internment by samira ahmed reviews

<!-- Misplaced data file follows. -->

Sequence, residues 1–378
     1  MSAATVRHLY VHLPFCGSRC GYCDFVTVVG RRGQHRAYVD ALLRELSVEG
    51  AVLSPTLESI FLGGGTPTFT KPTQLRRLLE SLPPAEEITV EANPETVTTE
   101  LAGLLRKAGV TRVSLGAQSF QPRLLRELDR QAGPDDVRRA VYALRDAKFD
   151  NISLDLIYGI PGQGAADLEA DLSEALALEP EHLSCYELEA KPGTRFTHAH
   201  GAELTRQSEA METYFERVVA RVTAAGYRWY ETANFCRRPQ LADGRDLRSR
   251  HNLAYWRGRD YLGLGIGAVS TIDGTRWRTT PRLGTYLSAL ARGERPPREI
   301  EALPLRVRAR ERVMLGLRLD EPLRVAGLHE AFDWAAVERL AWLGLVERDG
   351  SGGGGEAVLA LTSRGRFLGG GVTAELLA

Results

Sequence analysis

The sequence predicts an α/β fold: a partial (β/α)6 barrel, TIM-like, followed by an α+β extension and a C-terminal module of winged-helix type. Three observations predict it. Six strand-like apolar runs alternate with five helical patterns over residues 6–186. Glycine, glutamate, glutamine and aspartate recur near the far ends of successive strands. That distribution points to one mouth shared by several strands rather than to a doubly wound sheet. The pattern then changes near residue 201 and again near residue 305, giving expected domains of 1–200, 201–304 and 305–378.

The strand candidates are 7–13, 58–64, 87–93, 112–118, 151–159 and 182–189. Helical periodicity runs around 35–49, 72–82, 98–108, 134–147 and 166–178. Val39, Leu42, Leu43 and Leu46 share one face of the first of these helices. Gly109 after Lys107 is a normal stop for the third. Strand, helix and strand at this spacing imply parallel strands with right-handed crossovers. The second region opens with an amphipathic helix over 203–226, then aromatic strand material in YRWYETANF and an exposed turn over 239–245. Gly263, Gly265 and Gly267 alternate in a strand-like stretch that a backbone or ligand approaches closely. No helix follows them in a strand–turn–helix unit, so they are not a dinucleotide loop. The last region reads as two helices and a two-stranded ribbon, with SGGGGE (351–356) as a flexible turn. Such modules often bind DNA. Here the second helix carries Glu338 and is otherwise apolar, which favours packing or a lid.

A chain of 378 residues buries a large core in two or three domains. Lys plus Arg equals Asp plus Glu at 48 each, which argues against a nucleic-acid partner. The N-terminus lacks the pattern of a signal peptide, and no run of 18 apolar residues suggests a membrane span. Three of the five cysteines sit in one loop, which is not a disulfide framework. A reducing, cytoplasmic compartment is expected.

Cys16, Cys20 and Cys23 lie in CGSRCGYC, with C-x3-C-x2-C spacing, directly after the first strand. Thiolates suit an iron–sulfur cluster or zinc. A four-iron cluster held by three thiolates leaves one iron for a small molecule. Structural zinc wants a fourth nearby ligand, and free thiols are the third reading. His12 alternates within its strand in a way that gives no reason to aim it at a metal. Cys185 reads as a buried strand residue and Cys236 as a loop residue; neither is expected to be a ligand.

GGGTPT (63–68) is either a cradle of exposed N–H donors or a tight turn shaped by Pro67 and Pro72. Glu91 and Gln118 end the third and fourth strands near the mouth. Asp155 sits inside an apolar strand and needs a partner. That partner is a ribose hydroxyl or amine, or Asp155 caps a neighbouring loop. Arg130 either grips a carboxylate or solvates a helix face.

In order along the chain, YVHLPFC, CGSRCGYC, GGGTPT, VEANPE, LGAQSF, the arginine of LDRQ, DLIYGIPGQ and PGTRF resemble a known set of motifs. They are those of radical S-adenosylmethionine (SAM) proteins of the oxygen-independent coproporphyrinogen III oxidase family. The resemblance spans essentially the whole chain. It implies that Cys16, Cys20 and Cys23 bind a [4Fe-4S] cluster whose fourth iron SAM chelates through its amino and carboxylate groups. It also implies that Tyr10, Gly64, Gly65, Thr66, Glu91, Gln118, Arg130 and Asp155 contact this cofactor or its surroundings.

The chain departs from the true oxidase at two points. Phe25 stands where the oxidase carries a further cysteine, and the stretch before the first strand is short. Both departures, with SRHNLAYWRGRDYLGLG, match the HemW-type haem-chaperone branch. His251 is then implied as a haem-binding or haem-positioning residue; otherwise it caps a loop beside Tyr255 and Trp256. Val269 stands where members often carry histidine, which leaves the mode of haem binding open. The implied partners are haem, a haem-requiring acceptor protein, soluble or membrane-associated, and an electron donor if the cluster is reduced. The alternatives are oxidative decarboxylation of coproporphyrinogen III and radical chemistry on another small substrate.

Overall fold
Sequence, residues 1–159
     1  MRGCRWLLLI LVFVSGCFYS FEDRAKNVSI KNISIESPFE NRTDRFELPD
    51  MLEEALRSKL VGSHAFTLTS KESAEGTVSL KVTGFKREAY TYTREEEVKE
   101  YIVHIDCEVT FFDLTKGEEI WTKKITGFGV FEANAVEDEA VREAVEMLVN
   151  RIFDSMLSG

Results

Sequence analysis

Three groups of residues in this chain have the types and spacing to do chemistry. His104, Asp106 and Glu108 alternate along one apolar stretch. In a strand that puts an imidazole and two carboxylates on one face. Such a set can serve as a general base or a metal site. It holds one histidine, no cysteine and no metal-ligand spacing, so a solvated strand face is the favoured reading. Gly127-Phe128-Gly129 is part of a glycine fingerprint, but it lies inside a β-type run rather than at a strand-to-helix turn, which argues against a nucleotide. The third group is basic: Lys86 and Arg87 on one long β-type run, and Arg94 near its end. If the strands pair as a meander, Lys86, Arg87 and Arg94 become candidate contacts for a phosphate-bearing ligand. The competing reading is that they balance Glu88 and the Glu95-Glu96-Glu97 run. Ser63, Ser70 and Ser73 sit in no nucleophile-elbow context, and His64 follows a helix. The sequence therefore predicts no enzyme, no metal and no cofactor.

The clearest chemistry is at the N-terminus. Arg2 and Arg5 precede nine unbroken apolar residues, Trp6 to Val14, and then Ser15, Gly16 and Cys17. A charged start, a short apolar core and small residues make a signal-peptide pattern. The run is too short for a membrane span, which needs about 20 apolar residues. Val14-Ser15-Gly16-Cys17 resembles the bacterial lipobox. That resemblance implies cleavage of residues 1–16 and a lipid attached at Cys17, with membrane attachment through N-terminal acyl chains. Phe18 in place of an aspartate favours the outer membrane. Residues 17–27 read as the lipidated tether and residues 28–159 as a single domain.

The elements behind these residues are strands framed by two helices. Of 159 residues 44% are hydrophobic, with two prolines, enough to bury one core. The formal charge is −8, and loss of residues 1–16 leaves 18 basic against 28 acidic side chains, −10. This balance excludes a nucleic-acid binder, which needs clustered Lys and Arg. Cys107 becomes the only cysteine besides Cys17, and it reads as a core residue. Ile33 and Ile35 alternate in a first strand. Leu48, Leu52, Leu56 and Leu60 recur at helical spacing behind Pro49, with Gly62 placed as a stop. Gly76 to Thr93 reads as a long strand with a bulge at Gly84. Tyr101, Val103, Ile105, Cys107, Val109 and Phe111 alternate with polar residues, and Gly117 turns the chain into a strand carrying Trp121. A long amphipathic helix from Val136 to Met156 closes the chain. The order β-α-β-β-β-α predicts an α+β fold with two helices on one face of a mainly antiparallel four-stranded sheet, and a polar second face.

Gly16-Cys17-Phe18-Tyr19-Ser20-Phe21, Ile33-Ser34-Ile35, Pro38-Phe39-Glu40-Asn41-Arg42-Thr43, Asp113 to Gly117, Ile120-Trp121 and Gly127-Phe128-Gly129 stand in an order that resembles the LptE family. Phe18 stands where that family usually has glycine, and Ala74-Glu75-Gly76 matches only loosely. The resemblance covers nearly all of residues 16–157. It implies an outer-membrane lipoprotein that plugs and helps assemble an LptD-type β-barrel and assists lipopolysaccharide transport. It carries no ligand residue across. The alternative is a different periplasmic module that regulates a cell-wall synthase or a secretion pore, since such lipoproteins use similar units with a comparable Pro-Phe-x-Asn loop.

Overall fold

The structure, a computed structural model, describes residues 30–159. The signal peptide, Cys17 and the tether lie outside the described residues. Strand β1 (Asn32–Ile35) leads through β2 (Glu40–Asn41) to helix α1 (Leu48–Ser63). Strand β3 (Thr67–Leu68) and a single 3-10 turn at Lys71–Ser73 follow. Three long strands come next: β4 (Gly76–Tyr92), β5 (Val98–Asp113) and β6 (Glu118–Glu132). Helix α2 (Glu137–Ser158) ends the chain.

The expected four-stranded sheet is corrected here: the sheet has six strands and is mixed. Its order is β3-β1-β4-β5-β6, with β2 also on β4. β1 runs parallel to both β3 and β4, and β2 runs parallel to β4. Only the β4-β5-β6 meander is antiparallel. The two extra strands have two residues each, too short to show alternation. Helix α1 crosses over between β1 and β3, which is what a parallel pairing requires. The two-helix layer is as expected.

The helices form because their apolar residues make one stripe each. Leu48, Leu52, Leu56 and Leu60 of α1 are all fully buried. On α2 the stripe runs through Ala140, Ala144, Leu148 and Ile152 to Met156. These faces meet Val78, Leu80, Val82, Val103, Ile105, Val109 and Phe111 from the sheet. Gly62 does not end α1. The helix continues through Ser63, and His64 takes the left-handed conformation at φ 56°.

Some did fight it. Nine months since the first book burning. You can still see all customer reviews for the product. Rebellions are built on hope. Additionally, if a young white teen were to read this, they could hate themselves when all is said and done. Layla is a hero worth rooting for, but Ahmed keeps her grounded in reality. I don't believe the author did any sort of research for a book like this. It’s a powerful novel, full of strife and fear and courage and resistance. To calculate the overall star rating and percentage breakdown by star, we don’t use a simple average. This is something that could become a real thing in our future. Internment by Samira Ahmed. Set in a possible near future, this is a terrifying America featuring segregation, abuses of power and racism. Genre: Young Adult, Dystopian. You get enough of it from the media, Reviewed in the United States on July 22, 2019. All prices are in AUD$ and include GST — Readings Pty Ltd, ABN: 45 005 153 533, Illustrations by Oslo Davis — Website by Icelab, I love books but please don't show me this pop-up again, Stocking self-published and small press books at Readings, The Readings Prize for New Australian Fiction. The Resistance is alive, they say, but not in my town, and not on the nightly news. So. Reviewed in the United States on June 30, 2019. Her two books of nonfiction, Hidden History of Napa Valley and Lost Restaurants of Napa Valley and Their Recipes, are on sale now. Change ), You are commenting using your Google account. The ironic part to me is the author is complaining about a hateful and divisive government; yet, then her book screams hate and division. I’m surprised at the amount of negative reviews this book has gotten. In summer 2018 children of asylum seeking parents were taken from their parents and put into detention camps. Guantanamo? Two months since a virulent Islamophobe was sworn in as Secretary of War—a cabinet position that hasn’t existed since World War Two. There, she forms friendships and alliances in a rebellion, hopeful for freedom. Although it’s technically set in a not too distant future, it’s almost like it’s set in an alternate present. She isn’t the Chosen One, but a girl with guts and drive. Some Muslim internees are also turned into enforcers – one family leads each “neighborhood” and use enticements to enforce compliance – but this doesn’t quite get enough nuance. Book review of Samira Ahmed's Internement. In years to come, it will become a timeless classic about the dangers of fascism and the audacity of hope. Once you get past the liberal agenda, the story itself is Twilight meets the Hunger Games....Not very impressive or even creative for that matter! Seems like the only thing readers got out of the story is a 17-year-old girl obsessed with her boyfriend and not fit to lead a revolution. ( Log Out /  Gorgeous, heartbreaking, raw, terrifying, yet surprisingly hopeful, Reviewed in the United States on May 24, 2019. Reviewed by Angela Crocombe. This book begins during a horrific time for Muslims in the U.S. A president has been elected who tweets his hatred of Muslims almost daily. The love between Layla and her family and friends, the quiet behind-the-scenes resistance of those who just want to do their jobs but never agreed to work at an American concentration camp, the protestors and reporters who won’t let this atrocity be forgotten. I was transfixed by Layla’s horrible reality in our too-close future. Top subscription boxes – right to your door, © 1996-2020,, Inc. or its affiliates. Enter your email address to follow this blog and receive notifications of new posts by email. By far the one thing that I think just makes the whole story crap is that you wrote a 17-year-old starting a revolution inside the camp and stopping the Muslim internment. The dystopian element makes those connections easier to discuss in a classroom setting. Ahmed writes that it’s fifteen minutes into the future of America and it did indeed feel that way. Follow Punk-Ass Book Jockey on Two and half years since the election. That’s what makes it so terrifying — it feels like it could really happen. In October 11 worshippers were murdered at a synagogue. After reading the summary I was filled with anticipation, is it going to be like the holocaust? With each act of … After viewing product detail pages, look here to find an easy way to navigate back to pages you are interested in. Change ), You are commenting using your Twitter account. Nazis have marched on DC and books are burning. Don't waste your time with this one! Rebellions are built on hope, but they’re fought with the belief that we can be better than we are. This is a book that has much to say to us as we look to our future. Internment was exactly as described. Reviewed in the United States on August 10, 2019. Set in a horrifying near-future United States, seventeen-year-old Layla Amin and her parents are forced into an internment camp for Muslim American citizens. Her disdain for white people couldn't be more clear. Read. I had no naive ideas that this book would not be a hard read. Review: “Internment” by Samira Ahmed. I knew what I was getting into, literally a quarter of my bookcases are full of non-fiction or historical fictions that take place during the Holocaust or WWI/WWII. It has a slightly different ring to it than Secretary of the Army or Secretary of Defense. I don’t mean that dismissively; teens can accomplish a helluva lot. Three months since they started firing Muslims from public sector jobs. Your students will immediately make real-world connections. The book is gorgeously written, with a lot of lovely poetic turns of phrases (Layla’s father is a poet, and she herself displays some poetic tendencies in her narration).


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